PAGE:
The blood-soaked tale of a Norse warrior's battle against the great and murderous troll, Grendel. Out of allegiance to the King Hrothgar, the much respected Lord of the Danes, Beowulf leads... See full summary »
The warrior Thor (Hemsworth) is cast out of the fantastic realm of Asgard by his father Odin (Hopkins) for his arrogance and sent to Earth to live among humans. Falling in love with scientist Jane Foster (Portman) teaches Thor much-needed lessons, and his new-found strength comes into play as a villain from his homeland sends dark forces toward Earth. Written by
In Norse mythology Thor's nickname was "protector of mankind" (which is apt, considering Thor's superhero status today). Scandinavians until this day wears mjolnir-amulets, refereed to as "torshammare". See more »
When Thor leaves the diner heading to the crater site, the street is wet. There's no evidence it's rained since Thor's arrival. See more »
Part of the closing credits is shot in a Superman-esque sequence, with the camera flying through the cosmic realm of Yggdrasil, finally ending at Asgard. At the close, the film title appears with a small lightning strike within it. See more »
An immensely enjoyable Marvel entry that complements the tone of Iron Man films
I watched this last night at a preview screening in London.
I prayed that Kenneth Branagh would learn from his mistakes with handling a big budget movie, namely his Frankeinstein. Thankfully, I am glad to say he learnt a great deal from those mistakes. Of course, this is no Henry V, this is just pure popcorn entertainment but a thoroughly enjoyable introduction to Thor for the big screen. Chris Hemsworth played the part with a lot of energy, charisma and I have to admit from a bloke's point of view, annoying good looks. Anthony Hopkins added much needed heavyweight presence as Odin but its a role he has quite frankly played a gazillion times but I never tire of it, so I'm not complaining. In a year long span of brilliantly playing vastly different roles from psychotic to swashbuckling heroine, Natalie Portman this time plays the sweet determined scientist girl who falls for the strangely mannered good looking guy. Nothing too taxing for any of them but they do give a re-assuring aura about them.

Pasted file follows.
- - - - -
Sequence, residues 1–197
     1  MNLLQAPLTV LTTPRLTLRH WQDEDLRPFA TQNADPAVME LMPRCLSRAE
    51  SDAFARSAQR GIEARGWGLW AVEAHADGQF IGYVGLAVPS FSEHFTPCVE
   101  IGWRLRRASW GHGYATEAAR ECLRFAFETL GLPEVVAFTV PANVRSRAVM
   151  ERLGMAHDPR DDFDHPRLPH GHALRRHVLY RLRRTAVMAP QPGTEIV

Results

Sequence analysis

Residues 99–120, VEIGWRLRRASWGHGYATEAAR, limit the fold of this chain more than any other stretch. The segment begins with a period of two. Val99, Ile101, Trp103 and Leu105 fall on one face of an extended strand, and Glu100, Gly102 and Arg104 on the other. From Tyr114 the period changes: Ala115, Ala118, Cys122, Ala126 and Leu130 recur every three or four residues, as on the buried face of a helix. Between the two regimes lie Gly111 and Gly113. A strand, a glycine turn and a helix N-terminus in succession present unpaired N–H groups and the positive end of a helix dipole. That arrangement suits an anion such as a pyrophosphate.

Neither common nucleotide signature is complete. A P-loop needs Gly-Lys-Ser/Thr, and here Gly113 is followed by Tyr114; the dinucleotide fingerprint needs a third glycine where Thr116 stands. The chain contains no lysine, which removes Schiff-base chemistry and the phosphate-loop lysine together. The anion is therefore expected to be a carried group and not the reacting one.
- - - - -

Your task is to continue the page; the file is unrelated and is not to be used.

The visuals were quite spectacular, mainly, the sweeping canvas of Asgard. The action scenes were also good though I thought could have been executed better with lesser use of the fast cut edit style that is too often the norm in action film these days.
There is plenty of humour when Thor is on Earth but not in a put-off way as there is a suitable contrast of a serious tone with everything set in Asgard. Even though the storyline was somewhat predictable, it was still a riveting one.
For those like me, who were concerned about how Thor fits into the established Marvel connected universe set by the Iron Man films need not worry. That is just another thing that Branagh and crew pulls off very well. We can now fully embrace the forthcoming Avengers where a God, a man who transforms into a giant green beast, and a man who flies in a hi tech amour suit can share the same screen. So its all coming together nicely.
And make sure you stay for the end credit scenes. In case you did not know of this before, I urge you to go back to the previous films (Iron Man 1 & 2, Incredible Hulk) and watch the end of credit sequences if you haven't already. They tell a separate story strand that will culminate to a certain upcoming Marvel movie. The end credit sequence of Thor is the most fascinating yet as it actually takes a major plot development in the story strand ;) And it was the longest bloody end of credit sequence I've ever seen in any movie! One last thing, the film I saw was in 3d and once again, it practically nearly ruined all the action scenes for me. In the non action scenes, it was pretty useless and just simply made the film much darker.
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